Welcome to the 5th and final installment of the “Choosing A Stock” mini-series. So far in the series we have covered basic strategies, fundamental valuation, value investing, and income investing. If you have missed Parts 1 – 4 (Part 1, Part 2, or Part 3 and Part 4), I encourage you to go back, check them out, and give them a read.
In part 5, we will be focusing on a stock picking strategy that can best be described by contrasting it to another strategy we have already covered. This new strategy is called growth investing.
As pointed out above, one of the most straight forward ways to explain growth investing is to compare it to another strategy, value investing. Now, if you have made it to this point in the article but still have not read Part 3 of the “Choosing A Stock” mini-series where we dive into value investing, I recommend you go back and do so before continuing! For those who are ready to learn about growth investing, let’s keep moving. We know that value investors are mainly concerned with the present with regard to stock prices. Further, they search for stocks that, in the here and now, are trading for less them their intrinsic value. Growth investors, however, center their attention on the future potential of a company, focusing much less on its current trading price. Essentially, the key difference between the two types of investors is that the growth investors would also buy stocks that are trading at any price (higher, on par with, or lower than their current intrinsic values), but hold the belief that the price will grow over time, and therefore surpass their current intrinsic value estimations.
In general, stocks that can be considered “good growth stocks” are companies that grow at a rate significantly faster than most. Because of this, growth investors usually focus their attention on relatively young companies. The thought process behind doing so is that younger companies have a higher potential for growth in earnings, which will be directly correlated to an increase in the company’s stock price. By this same reasoning, it is also logical that growth investors explore investment opportunities in expanding industries as the companies that make up those industries are growing, too. In recent years, industries related to new technology have been popular choices for growth investors, as well. That should not be surprising, though, since technology is changing and advancing at an incredible rate and dragging many other industries along for the ride. Additionally, due to the nature of growth investing, profits are predominately made through capital gains, rather than dividends. This is because a large majority of companies that are a good fit for a growth investing model reinvest their earnings (to continue promoting growth) instead of paying dividends. In a sense, being a good growth investor is about being good at “riding the wave” of a positive trend.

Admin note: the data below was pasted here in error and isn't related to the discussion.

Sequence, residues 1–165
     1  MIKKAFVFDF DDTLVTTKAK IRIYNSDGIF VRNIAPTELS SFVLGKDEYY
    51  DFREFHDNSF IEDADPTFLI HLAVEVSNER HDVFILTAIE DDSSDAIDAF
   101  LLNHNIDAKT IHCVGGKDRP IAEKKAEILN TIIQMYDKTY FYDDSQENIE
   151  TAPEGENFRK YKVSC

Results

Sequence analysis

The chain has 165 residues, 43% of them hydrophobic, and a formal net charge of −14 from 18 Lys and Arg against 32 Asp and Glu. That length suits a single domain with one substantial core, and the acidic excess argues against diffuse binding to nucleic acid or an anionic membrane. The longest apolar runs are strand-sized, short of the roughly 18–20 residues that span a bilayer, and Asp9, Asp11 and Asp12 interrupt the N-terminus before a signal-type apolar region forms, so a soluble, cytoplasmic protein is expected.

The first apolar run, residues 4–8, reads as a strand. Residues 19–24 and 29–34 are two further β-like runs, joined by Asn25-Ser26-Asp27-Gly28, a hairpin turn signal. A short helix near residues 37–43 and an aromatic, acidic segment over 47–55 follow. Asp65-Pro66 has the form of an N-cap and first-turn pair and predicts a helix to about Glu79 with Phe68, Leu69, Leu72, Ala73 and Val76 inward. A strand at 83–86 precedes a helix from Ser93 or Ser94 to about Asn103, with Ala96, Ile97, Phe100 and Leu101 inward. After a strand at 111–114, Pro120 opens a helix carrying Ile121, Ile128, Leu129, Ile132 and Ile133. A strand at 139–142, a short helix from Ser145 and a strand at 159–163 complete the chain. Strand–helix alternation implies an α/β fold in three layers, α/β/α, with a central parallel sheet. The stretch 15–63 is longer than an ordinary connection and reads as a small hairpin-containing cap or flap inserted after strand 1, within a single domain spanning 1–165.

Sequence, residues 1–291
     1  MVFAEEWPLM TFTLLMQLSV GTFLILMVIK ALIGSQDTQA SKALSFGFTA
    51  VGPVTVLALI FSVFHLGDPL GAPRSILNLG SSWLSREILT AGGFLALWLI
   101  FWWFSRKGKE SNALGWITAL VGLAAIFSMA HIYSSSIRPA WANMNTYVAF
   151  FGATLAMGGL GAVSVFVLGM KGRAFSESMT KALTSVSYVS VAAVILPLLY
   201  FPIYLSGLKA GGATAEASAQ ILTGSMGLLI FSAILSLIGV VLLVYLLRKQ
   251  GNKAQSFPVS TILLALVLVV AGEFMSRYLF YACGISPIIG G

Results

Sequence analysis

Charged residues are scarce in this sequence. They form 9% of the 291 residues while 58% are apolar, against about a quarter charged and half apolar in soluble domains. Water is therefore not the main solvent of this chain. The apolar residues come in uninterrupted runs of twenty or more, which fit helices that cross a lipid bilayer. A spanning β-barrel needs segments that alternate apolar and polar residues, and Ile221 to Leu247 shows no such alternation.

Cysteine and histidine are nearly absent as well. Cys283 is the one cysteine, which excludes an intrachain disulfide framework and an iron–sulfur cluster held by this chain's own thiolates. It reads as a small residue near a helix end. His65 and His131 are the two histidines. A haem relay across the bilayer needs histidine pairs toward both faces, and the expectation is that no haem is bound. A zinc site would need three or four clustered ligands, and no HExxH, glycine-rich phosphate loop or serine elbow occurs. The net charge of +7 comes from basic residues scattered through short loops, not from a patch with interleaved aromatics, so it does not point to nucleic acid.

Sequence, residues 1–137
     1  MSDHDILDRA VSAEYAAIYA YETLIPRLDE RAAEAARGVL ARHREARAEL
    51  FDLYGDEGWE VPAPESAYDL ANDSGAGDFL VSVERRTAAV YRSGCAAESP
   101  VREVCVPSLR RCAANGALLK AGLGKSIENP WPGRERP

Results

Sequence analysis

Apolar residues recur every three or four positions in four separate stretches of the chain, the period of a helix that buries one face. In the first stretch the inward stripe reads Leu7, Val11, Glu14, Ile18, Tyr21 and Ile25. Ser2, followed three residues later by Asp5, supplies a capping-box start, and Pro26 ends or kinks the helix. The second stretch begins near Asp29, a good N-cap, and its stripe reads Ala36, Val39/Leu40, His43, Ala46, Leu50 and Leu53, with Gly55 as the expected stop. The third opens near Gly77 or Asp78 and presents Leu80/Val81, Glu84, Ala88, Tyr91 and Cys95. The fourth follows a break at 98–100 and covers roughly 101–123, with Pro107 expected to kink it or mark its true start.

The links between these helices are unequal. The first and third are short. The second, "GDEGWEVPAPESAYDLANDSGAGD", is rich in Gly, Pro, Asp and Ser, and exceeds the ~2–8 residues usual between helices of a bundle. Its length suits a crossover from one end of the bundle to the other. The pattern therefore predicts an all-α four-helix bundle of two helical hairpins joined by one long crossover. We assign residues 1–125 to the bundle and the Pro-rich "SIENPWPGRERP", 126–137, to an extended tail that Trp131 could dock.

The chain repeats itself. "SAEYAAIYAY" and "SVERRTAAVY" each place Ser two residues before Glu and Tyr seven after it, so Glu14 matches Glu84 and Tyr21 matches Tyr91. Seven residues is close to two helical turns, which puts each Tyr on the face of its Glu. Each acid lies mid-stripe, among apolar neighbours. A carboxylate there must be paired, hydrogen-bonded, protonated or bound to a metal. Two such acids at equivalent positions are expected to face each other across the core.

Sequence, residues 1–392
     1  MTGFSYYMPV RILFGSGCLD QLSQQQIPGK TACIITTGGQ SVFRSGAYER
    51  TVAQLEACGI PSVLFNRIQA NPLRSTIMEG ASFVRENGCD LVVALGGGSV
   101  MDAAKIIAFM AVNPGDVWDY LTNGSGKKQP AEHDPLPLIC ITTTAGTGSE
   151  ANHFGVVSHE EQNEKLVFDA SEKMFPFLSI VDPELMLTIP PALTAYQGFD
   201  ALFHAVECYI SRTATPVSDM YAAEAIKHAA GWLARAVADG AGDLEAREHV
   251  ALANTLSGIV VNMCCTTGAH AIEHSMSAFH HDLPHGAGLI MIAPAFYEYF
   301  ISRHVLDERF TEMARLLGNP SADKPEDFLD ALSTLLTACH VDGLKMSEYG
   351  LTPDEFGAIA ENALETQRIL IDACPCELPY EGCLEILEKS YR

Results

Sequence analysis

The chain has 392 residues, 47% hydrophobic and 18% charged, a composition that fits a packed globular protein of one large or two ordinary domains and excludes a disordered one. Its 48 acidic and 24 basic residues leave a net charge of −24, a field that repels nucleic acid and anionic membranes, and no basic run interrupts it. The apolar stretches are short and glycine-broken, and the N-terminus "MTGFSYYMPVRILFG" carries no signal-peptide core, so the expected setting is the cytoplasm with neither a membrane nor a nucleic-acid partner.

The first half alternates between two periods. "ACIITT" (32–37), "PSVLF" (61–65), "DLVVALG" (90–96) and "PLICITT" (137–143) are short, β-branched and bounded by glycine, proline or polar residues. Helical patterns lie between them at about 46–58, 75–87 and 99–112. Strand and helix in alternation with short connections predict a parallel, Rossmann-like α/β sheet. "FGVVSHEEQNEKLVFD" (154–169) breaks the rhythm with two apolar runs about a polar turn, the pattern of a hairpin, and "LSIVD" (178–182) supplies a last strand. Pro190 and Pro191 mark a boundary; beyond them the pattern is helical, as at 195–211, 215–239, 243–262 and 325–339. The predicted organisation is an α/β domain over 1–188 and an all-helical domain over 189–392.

There are many real-life examples of investors achieving great financial success using a growth investing strategy, but perhaps the most impactful was Philip Fischer and the influence he has left on others. Fischer founded his small investment counseling firm in Northern California during the year 1931, but really made a name for himself in 1958 when his book Common Stocks and Uncommon Profits became the first investment book to ever make The New York Times bestseller list. In fact, the book, which explained Fischer’s 15-point strategy for finding great long-term growth stocks, even became part of the curriculum for an investments class at Stanford’s Graduate School of Business. Fischer also influenced another famous investor that you have almost certainly heard of, Warren Buffet. As a younger man, Warren Buffet met with Fischer and ended up incorporating a considerable portion of his strategy into his own stock picking process. Buffet even once described his investment strategy as 15% Philip Fischer and 85% Benjamin Graham! 15% might not seem like a ton, but with regard to Warren Buffet, it is quite impressive and shows how strong a growth investing strategy can be.
My hope is that this mini-series has been helpful in breaking down some of the most widely practiced investing strategies, especially for those of you who are newer to investing or even investing for the first time. Moving forward, I encourage you to consider doing more research and focus on making informed investing decisions when using your DriveWealth App. Thank you for reading and best of luck with your investments!